Eucalyptus coccifera - Tasmanian Snow Gum
Tasmanian Snow Gum or the Mount Wellington Peppermint
Why we like this species:
- Striking aromatic juvenile foliage
- Good medium sized tree with striking bark detail
- Makes for a different distinct hedge or screen
- Good cut foliage for floral art
Architectural species with delicious aromatic foliage – interesting tree, hedge-screens, pots and cut foliage, for free draining soils.
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Planting Position and Soil Preference
How to Use
- Eucalyptus coccifera
- MYRTACEÆ; Myrtle Family
- Common Name: Tasmanian Snow Gum or the Mount Wellington Peppermint
- Status: Evergreen Tree
- Origin: A native tree of Tasmania. It grows in the sub-alpine dolerite areas and also grows as a shrub on margins of the alpine Central Highland Tasmania, Mount Wellington. Often grows at the extreme limits of the tree line.
An interesting species of variable habit. I have seen low growing ones reminiscent of a small alpine snow gum (E. pauciflora subsp niphophila) and tall upright specimens similar to an E. archeri
It originates from a freezing cold mountainous district of Tasmania and enjoys cool summer months with slow but steady growth – so should be happy in the UK! It can be shy to get going, becoming faster growing with time.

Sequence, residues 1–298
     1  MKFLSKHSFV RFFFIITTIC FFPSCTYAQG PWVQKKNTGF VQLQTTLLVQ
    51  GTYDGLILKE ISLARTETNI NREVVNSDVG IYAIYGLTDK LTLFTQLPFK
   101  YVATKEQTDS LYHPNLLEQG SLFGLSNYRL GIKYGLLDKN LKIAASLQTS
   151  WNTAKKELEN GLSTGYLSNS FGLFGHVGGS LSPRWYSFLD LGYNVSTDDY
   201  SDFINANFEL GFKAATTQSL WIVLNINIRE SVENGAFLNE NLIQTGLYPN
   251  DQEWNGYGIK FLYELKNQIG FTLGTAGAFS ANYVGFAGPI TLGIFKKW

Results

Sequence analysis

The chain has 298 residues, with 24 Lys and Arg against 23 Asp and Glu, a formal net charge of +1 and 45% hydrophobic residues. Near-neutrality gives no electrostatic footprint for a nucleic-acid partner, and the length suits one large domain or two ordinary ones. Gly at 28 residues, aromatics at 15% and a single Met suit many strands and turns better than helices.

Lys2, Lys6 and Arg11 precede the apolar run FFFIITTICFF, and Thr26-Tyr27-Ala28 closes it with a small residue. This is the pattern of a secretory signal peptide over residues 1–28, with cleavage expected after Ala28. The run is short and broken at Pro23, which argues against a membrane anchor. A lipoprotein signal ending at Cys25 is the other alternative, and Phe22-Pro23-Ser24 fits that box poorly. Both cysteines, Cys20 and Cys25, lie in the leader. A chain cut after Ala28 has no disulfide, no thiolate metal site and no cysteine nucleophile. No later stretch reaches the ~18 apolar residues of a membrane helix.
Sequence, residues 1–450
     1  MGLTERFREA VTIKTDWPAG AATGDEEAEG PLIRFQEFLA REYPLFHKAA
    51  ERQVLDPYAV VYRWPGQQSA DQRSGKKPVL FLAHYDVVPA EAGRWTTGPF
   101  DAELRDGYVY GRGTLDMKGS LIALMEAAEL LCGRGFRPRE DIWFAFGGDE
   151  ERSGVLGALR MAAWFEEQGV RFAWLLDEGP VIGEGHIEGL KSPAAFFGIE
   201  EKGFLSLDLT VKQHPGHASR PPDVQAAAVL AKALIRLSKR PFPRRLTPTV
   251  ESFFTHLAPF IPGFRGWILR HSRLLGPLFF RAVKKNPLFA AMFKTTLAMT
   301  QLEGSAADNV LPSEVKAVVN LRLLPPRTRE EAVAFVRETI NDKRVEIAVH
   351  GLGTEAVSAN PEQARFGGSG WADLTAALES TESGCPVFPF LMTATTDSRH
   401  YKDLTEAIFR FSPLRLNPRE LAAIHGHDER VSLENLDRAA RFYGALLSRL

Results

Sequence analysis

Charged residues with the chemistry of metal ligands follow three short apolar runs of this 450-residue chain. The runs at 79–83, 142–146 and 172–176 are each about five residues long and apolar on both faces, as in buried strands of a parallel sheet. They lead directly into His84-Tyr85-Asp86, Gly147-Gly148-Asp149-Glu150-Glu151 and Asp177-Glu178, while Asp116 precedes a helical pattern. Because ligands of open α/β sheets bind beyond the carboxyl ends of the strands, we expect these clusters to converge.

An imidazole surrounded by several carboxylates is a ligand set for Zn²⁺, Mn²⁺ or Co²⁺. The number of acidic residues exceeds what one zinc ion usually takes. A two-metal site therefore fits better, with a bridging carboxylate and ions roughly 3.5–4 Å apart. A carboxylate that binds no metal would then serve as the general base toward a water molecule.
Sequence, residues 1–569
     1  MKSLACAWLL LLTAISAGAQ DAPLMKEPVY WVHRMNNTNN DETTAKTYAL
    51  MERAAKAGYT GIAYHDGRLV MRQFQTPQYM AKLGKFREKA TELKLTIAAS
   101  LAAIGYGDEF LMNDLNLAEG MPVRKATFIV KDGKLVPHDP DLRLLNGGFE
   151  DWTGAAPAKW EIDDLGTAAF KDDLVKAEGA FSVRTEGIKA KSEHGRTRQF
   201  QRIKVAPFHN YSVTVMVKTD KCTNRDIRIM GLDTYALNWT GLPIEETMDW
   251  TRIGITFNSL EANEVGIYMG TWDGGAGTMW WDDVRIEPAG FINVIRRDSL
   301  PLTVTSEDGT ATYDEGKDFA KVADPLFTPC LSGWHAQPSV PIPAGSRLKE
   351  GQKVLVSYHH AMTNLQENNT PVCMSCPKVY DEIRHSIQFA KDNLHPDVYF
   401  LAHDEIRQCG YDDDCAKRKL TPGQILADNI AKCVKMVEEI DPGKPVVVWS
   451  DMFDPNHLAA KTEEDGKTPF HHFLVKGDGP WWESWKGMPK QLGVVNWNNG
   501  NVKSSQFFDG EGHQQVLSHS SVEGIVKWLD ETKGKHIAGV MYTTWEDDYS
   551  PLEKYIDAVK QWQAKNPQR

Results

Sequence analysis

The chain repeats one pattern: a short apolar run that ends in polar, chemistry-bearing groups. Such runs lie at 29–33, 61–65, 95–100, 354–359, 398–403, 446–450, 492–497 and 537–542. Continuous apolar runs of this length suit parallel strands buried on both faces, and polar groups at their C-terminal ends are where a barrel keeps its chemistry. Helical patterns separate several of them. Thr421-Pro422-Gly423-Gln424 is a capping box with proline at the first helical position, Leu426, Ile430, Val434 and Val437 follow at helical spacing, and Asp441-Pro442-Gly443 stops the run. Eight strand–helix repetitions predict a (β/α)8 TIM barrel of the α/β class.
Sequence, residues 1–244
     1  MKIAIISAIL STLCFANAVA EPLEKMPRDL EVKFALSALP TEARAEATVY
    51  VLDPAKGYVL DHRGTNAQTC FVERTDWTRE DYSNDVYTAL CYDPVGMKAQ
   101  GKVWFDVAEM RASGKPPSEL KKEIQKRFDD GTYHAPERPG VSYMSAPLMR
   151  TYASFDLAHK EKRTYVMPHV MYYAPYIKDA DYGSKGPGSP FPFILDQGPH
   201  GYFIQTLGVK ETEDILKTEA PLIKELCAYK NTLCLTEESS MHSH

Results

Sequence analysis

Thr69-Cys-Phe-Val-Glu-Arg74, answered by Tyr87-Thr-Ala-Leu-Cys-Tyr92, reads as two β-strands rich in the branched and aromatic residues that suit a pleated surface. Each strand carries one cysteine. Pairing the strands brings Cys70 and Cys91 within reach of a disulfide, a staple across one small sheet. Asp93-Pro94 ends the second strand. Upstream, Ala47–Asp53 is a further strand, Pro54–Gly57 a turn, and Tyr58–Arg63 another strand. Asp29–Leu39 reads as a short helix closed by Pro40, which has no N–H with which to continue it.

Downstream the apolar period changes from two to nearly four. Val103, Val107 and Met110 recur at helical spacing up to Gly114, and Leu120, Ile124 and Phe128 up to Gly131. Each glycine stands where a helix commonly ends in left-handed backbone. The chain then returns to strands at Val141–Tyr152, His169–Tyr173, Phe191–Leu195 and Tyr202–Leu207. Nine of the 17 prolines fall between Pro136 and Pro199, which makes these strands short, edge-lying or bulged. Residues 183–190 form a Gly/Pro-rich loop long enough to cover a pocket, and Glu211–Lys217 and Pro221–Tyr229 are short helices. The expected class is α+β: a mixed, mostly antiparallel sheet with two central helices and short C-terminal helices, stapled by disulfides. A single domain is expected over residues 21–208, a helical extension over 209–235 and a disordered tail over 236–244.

Lignotuber: It has one, which is a good thing! E. coccifera will regenerate off the lignotuber if cut down by man, beast or nature. It also produces many shoots from epicormic buds lying dormant beneath the bark higher up the tree; so E. coccifera will respond extremely well to both coppicing and pollarding practices.
Note: Although is E. coccifera is classified as being a snow gum, it is genetically one of the peppermints (Eucalyptus section Aromatica). All have a strong minty aroma to their leaves. Other members of this group are:- E amygdalina, E nitida, E. pulchella, E risdonii, E tenuiramis
Meaning of the name: Up for discussion. In my opinion - it is a reference to the very distinctive red-maroon coloured bobbly young stems. Euclid says it refers to Coccus infection of the leaves – which I don’t think to be correct. Latin: coccus meaning grain seed or pill and fera meaning bearing.